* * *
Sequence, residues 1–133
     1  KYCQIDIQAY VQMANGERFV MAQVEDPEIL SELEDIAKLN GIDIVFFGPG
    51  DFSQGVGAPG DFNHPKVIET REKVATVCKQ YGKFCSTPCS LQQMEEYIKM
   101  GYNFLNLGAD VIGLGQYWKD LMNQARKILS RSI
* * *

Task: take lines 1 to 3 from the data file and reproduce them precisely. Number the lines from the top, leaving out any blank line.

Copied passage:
Sequence, residues 1–133
     1  KYCQIDIQAY VQMANGERFV MAQVEDPEIL SELEDIAKLN GIDIVFFGPG
    51  DFSQGVGAPG DFNHPKVIET REKVATVCKQ YGKFCSTPCS LQQMEEYIKM